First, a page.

In “D” mode, stepping on the brakes will still net you some battery power recuperation. A harder press, though, brings in the physical brakes more rapidly. Personally, I much preferred driving in the “B” mode, which allows for one-pedal driving. There’s more regen taking place in this mode, and I found it easy to master during my quick stint.
The icing on the battery cake is free power. Volkswagen is including three years of fast charging at any of Electrify America’s DC fast-charging stations. The good news is you get this free perk whether you buy or lease the ID.4, although you won’t be able to take advantage if you’re using the EV for commercial ride-sharing purposes.
On the inside, the ID.4’s cabin is as quiet as any production EV, and the interior is resplendent in soft-touch plastics and more refined materials. I particularly like the thick-rimmed, flat-bottom steering wheel, and minimalist dashboard. There’s no start or stop button, either: you simply get in, flip the lever to drive mode, and you’re off.
Since the gear lever is an extension of the 5.3-inch digital instrument display – your turn or flick it to engage Drive or Reverse, and push to get Park – the center console is freed up for two extra-large, easy-to-reach cup holders and a vast cubby for storage. You also get ambient lighting, a large 10-inch infotainment touchscreen with standard Apple CarPlay and Android Auto, voice recognition, and navigation. The 1st Edition model has the optional Statement Package, which includes a larger 12.0-inch touchscreen display and 12-way power front seats with both memory and massage functions.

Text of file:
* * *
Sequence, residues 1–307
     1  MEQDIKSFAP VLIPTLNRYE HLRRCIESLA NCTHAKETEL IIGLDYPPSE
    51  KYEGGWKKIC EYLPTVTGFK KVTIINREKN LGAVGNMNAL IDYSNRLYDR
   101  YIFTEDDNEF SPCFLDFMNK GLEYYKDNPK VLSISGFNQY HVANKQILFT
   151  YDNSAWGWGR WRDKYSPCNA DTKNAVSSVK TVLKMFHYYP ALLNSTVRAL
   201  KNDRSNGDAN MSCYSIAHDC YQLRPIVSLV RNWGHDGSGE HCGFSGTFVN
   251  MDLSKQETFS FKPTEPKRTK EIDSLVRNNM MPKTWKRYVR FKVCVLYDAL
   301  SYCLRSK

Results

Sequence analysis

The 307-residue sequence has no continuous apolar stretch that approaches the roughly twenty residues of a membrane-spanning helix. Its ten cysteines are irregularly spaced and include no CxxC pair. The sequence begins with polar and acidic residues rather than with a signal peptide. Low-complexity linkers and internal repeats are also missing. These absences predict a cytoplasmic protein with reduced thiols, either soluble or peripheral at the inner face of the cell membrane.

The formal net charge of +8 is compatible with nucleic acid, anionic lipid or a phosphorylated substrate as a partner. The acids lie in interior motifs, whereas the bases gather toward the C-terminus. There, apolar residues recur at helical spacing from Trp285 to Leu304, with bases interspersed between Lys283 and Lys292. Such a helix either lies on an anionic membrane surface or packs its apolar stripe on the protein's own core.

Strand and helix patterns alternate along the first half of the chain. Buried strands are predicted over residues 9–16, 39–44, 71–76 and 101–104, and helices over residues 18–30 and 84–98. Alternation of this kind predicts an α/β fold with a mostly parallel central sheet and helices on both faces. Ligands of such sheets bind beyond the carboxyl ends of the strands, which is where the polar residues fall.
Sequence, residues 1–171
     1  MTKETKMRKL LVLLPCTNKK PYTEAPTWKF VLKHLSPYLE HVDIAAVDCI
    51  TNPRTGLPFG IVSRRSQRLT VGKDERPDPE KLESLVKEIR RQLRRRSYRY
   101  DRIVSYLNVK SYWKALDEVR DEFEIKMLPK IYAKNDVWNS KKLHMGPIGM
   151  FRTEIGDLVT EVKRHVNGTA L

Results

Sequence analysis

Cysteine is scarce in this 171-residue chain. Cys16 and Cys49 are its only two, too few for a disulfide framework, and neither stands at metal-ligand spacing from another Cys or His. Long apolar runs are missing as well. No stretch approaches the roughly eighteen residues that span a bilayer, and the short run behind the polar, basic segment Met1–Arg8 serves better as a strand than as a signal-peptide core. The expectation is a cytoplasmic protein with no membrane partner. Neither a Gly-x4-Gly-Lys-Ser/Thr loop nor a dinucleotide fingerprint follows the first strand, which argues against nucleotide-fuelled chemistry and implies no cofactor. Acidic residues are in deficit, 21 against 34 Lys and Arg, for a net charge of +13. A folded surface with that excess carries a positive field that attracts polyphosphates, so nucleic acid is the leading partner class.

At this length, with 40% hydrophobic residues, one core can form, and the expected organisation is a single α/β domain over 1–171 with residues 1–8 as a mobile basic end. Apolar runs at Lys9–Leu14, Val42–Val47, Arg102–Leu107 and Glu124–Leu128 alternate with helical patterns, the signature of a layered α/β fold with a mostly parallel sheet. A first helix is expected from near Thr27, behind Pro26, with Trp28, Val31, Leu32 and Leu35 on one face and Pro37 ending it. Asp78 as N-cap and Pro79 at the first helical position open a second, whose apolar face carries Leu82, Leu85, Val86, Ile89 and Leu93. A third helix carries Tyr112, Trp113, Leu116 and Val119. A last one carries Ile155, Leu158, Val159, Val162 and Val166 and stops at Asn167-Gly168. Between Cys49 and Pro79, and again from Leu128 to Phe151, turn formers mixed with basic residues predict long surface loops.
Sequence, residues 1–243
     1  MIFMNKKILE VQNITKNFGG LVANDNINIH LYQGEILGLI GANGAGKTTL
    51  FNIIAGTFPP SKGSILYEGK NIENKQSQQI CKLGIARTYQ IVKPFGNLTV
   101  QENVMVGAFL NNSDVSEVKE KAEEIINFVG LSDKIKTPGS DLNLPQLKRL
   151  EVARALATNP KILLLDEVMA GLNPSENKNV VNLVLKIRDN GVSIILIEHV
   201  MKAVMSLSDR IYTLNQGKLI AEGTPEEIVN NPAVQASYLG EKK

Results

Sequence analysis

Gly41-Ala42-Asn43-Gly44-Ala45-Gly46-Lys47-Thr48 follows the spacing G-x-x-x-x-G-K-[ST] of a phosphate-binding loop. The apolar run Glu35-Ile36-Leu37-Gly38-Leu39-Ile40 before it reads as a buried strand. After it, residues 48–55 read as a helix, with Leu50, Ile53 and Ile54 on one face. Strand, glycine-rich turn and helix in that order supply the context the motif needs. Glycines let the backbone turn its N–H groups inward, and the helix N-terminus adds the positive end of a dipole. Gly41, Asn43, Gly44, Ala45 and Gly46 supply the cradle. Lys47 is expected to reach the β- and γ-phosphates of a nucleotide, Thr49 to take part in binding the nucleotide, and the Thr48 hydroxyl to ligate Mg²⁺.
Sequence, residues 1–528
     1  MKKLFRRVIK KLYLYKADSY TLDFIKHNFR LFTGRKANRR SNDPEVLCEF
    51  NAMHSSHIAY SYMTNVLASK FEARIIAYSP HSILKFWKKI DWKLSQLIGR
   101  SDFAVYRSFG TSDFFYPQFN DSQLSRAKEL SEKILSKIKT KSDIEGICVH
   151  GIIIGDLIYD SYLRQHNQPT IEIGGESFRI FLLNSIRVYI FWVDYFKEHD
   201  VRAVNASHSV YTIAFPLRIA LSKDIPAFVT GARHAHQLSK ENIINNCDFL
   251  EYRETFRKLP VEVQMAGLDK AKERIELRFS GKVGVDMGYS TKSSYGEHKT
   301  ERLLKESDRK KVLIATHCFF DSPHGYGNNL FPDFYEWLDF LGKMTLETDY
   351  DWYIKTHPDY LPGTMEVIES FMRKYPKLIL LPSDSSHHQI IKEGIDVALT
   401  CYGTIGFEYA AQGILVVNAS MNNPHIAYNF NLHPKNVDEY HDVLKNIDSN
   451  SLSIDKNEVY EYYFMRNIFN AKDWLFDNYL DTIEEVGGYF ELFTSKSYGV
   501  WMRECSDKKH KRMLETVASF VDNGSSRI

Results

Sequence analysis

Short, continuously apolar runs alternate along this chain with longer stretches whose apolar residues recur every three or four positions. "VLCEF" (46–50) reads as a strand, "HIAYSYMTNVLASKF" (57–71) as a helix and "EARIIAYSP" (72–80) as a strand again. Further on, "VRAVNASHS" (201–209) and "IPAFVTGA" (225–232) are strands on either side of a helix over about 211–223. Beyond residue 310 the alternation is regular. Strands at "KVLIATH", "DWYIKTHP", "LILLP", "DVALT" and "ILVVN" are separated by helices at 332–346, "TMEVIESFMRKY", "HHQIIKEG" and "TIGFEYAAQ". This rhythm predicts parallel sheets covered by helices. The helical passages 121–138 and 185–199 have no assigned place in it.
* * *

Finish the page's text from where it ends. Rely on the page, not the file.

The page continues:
On the safety front, the 2021 VW ID.4 has is yet to be crash-tested by either the Insurance Institute for Highway Safety (IIHS) or the National Highway Traffic Safety Administration. There’s a decent array of standard and optional driver-assistance tech onboard, though, including automatic emergency braking with pedestrian detection, blind-spot monitoring, adaptive cruise control, and lane departure warning with lane-keeping assistance.
The VW ID.4 isn’t perfect. It does have a roomy trunk in the back, yes, but you don’t get a frunk under the hood for more storage. Nor do you get a spare tire, either, a questionable decision given VW’s marketing of the crossover as a practical family vehicle. More annoying than I expected? The infotainment system has no physical volume knob, something other automakers have flirted with and then generally backtracked on rapidly.
Nitpicking aside, the 2021 VW ID.4 can tow up to 2,700 pounds, and even the base model has a heated steering wheel, rain-sensing wipers, and 19-inch alloy wheels. The cabin has a solid feel devoid of rattles and squeaks. It’s not as mind-blowingly quick as a Tesla or the Mustang Mach-E, but it handles like a Golf GTI. It feels planted, agile, and ready to play, with almost zero body roll when attacking tight, winding corners.
I suspect that, just as VW has made a reputation for itself with cars that prove to be eminently livable, the ID.4’s charms will be in its consistency. Sure there’ll be faster, and longer-lasting versions in the future, not to mention the rest of VW’s aggressive electrification roadmap but just as the Golf has cemented itself as never a bad choice, so too the ID.4 is aiming for a mass market audience rather than risk-taking early adopters. That, along with VW’s ambitious production goals, have helped the crossover already qualify as a contender for the 2021 World Car of the Year award.
It feels like we’ve had to wait a while to see Volkswagen’s long-promised electric strategy actually arrive at American dealerships, but the 2021 ID.4 seems like it was worth our patience. As the category expands, VW’s approach to change how drivers perceive electric vehicles in general is a fairly different one. While that may seem conservative, I’d expect it to resonate well with the sort of potential owners who – while large in number – have yet to be convinced by EVs designed to appeal to those at the bleeding-edge.